AI & RoboticsNews

Aerospike set to grow real time database for AI with $109M raise

Aerospike Raises $109 Million for AI Capabilities and Expansion

As demand for AI continues to grow, so too is interest and demand in database technologies that help to support AI efforts.

One such vendor is Aerospike which is seeing new demand for its real time NoSQL database platform. To support that demand and help the company expand, the company today announced that it has raised $109 million in a new round of funding, as it seeks to add new AI capabilities and expand its go-to-market efforts. Aerospike got its start back in 2009 with a focus on advertising technology applications. In recent years, Aerospike has been steadily adding new features and growing as a multi-model database, providing support for the JSON document model in 2022 and in 2023 adding graph database capabilities.

Aerospike is increasingly being used to enable AI and machine learning (ML) applications and includes Adobe, AppsFlyer, Barclays, Flipkart and  PayPal among its many users. While Aerospike is being used to support AI/ML today, it does not yet have vector capabilities, which is something the company is building out and plans on releasing this quarter.

“We were founded on the premise that real-time access to data is going to pretty much be prevalent in every industry,” Subbu Iyer, CEO of Aerospike, told VentureBeat. “One of the things we have seen is the need to really get data access and drive insight in real time.”

Vector isn’t the only thing that’s needed for an AI database

Over the last year, there has been an explosion in the number of database providers supporting vector capabilities.

Google recently announced that all of its cloud databases will have vector support. Graph database vendor Neo4j, which has a competitive offering to Aerospike, announced its vector support in August 2023. While vectors are critical to enabling different generative AI use cases, they are not the only way that organizations are using databases to enable AI.

“A lot of the use cases that we do today are in the realm of predictive AI,” Iyer said.

Iyer said that Aerospike currently supports AI and ML use cases without native vector support. The use cases typically include predictive AI, which is a form of AI for making predictions that predates the modern deployments of gen AI types of models. With the predictive model, Iyer said that organizations are doing offline model training and then storing the results in Aerospike. Moving forward Iyer expects that Aerospike will be used to support a continuous learning process.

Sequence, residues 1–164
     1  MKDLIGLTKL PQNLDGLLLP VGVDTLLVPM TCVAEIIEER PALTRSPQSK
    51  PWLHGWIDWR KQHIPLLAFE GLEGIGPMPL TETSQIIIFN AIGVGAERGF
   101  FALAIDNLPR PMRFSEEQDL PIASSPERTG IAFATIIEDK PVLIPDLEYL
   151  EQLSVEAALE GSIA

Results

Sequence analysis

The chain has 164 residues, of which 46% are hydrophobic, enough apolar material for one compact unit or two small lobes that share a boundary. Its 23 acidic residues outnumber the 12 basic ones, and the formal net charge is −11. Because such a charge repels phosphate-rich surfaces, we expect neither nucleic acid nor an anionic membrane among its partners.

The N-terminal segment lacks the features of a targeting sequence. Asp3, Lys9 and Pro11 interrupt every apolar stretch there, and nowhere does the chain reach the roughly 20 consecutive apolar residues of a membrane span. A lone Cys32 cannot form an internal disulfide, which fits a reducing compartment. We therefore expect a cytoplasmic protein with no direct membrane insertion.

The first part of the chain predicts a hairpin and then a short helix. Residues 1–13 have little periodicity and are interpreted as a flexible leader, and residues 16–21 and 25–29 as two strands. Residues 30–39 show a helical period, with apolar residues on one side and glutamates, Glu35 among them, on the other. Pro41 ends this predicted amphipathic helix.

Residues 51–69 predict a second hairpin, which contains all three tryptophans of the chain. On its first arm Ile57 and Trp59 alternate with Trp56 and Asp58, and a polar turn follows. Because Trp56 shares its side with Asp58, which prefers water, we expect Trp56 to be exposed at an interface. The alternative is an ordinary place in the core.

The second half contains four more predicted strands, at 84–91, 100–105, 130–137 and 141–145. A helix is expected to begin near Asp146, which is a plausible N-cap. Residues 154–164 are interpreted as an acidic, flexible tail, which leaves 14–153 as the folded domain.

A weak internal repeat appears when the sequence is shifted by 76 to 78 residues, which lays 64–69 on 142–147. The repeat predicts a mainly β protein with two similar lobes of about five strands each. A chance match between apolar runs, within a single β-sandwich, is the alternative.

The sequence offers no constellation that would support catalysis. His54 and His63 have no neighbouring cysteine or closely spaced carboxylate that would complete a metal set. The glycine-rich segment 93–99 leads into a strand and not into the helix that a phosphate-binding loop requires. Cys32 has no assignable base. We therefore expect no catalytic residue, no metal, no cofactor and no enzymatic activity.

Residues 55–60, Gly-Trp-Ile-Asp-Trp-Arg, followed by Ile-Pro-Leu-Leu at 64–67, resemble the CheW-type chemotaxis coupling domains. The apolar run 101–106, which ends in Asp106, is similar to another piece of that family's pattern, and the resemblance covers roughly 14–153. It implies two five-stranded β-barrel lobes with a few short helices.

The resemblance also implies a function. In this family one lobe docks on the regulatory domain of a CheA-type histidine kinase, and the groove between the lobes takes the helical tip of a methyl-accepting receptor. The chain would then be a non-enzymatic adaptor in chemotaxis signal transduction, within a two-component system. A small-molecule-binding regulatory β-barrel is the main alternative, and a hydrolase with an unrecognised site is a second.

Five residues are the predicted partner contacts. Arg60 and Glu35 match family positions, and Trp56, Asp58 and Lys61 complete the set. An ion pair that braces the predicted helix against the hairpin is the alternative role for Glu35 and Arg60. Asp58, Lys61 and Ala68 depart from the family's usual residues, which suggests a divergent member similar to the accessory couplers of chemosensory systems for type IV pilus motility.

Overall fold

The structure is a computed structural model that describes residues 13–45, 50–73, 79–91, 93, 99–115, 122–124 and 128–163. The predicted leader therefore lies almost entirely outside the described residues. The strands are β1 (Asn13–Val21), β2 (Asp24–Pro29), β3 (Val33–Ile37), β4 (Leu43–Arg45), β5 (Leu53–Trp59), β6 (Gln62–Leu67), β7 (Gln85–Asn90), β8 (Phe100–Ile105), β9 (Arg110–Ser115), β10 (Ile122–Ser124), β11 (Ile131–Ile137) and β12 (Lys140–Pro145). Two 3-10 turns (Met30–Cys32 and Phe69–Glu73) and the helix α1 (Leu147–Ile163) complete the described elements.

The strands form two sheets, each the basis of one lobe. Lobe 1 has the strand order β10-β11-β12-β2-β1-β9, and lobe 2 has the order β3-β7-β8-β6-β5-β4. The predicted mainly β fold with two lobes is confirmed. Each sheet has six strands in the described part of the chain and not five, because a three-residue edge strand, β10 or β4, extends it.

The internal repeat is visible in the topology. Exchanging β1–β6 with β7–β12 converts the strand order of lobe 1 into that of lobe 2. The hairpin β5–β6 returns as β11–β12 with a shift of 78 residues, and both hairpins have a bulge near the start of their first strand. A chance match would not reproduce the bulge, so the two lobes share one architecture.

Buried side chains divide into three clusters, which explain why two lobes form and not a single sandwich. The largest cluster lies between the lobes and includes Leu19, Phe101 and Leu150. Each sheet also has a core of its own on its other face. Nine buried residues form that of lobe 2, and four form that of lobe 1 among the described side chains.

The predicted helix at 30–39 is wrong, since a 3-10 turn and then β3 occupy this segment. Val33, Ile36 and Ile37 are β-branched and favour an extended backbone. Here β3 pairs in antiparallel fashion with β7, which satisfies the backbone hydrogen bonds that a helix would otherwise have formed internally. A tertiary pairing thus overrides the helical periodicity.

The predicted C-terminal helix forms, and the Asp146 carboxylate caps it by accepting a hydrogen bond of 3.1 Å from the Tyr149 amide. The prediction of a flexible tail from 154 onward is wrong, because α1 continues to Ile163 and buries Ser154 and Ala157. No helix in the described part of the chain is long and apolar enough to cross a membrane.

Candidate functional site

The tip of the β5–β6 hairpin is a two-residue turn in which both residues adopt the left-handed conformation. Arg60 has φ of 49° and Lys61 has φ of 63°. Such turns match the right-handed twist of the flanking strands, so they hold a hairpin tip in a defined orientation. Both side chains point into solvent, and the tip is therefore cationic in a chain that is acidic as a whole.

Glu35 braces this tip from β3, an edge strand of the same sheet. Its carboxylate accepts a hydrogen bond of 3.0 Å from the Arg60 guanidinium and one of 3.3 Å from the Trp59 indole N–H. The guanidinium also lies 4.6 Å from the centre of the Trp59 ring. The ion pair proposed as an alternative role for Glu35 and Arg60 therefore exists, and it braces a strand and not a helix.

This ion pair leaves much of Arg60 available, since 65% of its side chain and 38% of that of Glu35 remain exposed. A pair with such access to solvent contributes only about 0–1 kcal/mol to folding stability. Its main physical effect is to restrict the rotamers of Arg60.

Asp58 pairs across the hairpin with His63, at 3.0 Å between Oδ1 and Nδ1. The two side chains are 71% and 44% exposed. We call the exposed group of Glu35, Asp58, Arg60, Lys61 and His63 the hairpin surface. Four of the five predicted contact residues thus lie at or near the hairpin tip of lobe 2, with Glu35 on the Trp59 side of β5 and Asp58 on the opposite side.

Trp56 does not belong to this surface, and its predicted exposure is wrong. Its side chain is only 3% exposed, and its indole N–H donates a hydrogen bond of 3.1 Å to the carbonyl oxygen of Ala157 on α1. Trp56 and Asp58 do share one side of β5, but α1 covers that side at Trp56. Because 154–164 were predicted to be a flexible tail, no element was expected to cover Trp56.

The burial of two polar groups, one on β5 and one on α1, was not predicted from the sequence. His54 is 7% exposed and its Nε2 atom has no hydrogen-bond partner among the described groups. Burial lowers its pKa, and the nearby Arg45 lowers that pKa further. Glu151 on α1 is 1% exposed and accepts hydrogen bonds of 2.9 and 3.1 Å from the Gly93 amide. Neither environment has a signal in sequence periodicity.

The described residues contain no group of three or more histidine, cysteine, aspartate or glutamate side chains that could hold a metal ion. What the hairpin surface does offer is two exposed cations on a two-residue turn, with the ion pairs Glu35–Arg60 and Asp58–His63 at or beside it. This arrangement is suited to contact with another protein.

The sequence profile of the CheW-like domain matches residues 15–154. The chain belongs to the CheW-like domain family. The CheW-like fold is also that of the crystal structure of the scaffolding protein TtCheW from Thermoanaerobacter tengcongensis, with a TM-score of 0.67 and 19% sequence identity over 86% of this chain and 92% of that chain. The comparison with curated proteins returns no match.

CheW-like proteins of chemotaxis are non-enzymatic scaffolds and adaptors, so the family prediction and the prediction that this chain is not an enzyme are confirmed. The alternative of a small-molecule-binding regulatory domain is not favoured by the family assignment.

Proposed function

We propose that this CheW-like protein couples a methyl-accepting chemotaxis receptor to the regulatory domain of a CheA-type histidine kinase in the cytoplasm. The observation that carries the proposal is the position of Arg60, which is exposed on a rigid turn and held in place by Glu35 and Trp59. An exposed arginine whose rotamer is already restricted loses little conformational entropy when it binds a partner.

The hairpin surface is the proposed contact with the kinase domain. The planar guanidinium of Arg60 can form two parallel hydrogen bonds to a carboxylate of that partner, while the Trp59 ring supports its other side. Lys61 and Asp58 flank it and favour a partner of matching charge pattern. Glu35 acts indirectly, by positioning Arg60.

Aerospike is currently building out full vector capabilities as an enterprise preview with early access customers and will reach general availability this quarter.

The intersection of graph and vector is a powerful AI combination

The combination of Aerospike’s existing multi-modal database capabilities, including graph database, alongside the in-development vector support, has some interesting possibilities.

“We see a lot of synergy between vectors and graphs going forward,” Iyer said.

Iyer noted that organizations are leveraging vector embeddings to help bring more context and intelligence to AI. Some of the vectors can also be graphs, which are used to better understand the relationship across different entities.

“Our graph solution right now is primarily a knowledge graph and we are selling into identity and fraud,” Iyer said. “Folks are leveraging vectors for recommendation engines, for fraud and so on, so there’s a natural overlap that is coming up between the vectors that are being used to feed context and also graph as a part of that entire value chain.”

Beyond improving support for AI use cases, Aerospike is also planning on adding more core database capabilities to its platform in the coming months. Iyer said that among the planned improvements are enhanced multi-record transactions, point-in-time recovery as well as improved observability and management functionality.

“As our database is actually getting deployed into larger cluster sizes and large data sets we want to make sure that it’s easier to manage those clusters,” Iyer said.

Author: Sean Michael Kerner
Source: Venturebeat
Reviewed By: Editorial Team

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